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Therapeutic interventions in children and adolescents with patellar tendon related pain: a systematic review
  1. George Cairns1,
  2. Timothy Owen2,
  3. Stefan Kluzek3,4,
  4. Neal Thurley1,5,
  5. Sinead Holden6,
  6. Michael Skovdal Rathleff7,
  7. Benjamin John Floyd Dean3,4
  1. 1 Bristol Medical School, University of Bristol Medical School, Bristol, UK
  2. 2 Royal Free Hospital, Royal Free London NHS Foundation Trust, London, UK
  3. 3 Nuffield Department of Orthopaedics, Rheumatology and Musculoskeletal Sciences (NDORMS), Botnar Research Centre, University of Oxford, Oxford, UK
  4. 4 Nuffield Orthopaedic Centre, Oxford University Hospitals NHS Foundation Trust, Oxford, UK
  5. 5 Bodleian Health Care Libraries, Cairns Library, John Radcliffe Hospital, Oxford, UK
  6. 6 Department of Clinical Medicine, Aalborg University, Aalborg, Denmark
  7. 7 Research Unit for General Practice in Aalborg, Department of Clinical Medicine, Aalborg University, Aalborg, Denmark
  1. Correspondence to Dr Benjamin John Floyd Dean; bendean1979{at}gmail.com

Abstract

Objective Evaluate effectiveness and harms of interventions for patellar tendon related pain in children and adolescents.

Design Systematic review and meta-analysis.

Data sources Medline via Pubmed, Embase via OVID, CINAHL via Ebsco, SportDiscus up until 24 November 2017 were searched.

Eligibility criteria for selecting studies Inclusion criteria were (1) controlled or randomised controlled clinical trials (RCTs), (2) participants with diagnosis of patellar tendon related disorder, (3) participants≤18 years of age at enrolment and (4) published in a peer-reviewed English or Scandinavian language journal.

Results Of 530 studies identified, eight were included after screening, with three included in data synthesis. To be included in data synthesis, we required studies to have included (and have data available for) a minimum of 10 participants under 18 years. All studies were rated as being at high risk of bias. For adolescents with patellar tendinopathy, one RCT compared eccentric exercises to usual care and found no difference between groups. In adolescents with Osgood-Schlatter disease (OSD), injection of local anaesthetic with dextrose proved superior to either usual care or local anaesthetic alone (three armed RCTs). In a retrospective case controlled study in adolescents with OSD, surgery provided no benefit over conservative management in terms of persistent symptoms and had a higher complication rate.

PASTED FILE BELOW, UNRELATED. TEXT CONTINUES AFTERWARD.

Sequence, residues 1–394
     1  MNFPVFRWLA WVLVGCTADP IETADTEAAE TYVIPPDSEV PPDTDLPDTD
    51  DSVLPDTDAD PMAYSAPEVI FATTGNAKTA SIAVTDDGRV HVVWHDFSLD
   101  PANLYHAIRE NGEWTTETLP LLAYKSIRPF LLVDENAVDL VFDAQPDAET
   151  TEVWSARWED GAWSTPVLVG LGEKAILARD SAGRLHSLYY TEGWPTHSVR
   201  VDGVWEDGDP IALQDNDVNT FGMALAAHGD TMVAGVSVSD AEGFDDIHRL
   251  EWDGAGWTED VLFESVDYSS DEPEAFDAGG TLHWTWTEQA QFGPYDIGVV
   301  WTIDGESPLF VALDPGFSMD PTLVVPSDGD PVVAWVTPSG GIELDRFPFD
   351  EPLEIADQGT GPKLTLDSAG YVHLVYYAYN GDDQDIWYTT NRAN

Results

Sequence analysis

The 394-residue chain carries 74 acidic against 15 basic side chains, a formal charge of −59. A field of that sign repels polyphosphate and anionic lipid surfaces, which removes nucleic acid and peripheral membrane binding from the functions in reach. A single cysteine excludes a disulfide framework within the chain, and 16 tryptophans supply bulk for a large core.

Conclusion There is weak evidence to support the use of dextrose injection with local anaesthetic and no evidence to support the use of specific types of exercises to treat children/adolescents with OSD/patellar tendinopathy. Until further evidence arises, clinicians should include load modification and advise on a return to sport based on symptoms.

  • tendinopathy
  • tendinosis
  • tendon
  • children
  • adolescent

This is an Open access article distributed in accordance with the Creative Commons Attribution 4.0 Unported (CC BY 4.0) license, which permits others to copy, redistribute, remix, transform and build upon this work for any purpose, provided the original work is properly cited, a link to the licence is given, and indication of whether changes were made. See: https://creativecommons.org/licenses/by/4.0/.

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Footnotes

  • Contributors BJFD, SH, SK and MSR contributed to study conception and design, data analysis, drafting of the article and critical revision of the article. GC and TO contributed to study design, data collection and analysis and the critical revision of the article. NT contributed to study design, data collection and critical revision of the article.

  • Funding The TRYG Foundation is acknowledged for provided support for this project (Grant ID: 118547).

  • Competing interests None declared.

  • Patient consent Not required.

  • Provenance and peer review Not commissioned; externally peer reviewed.

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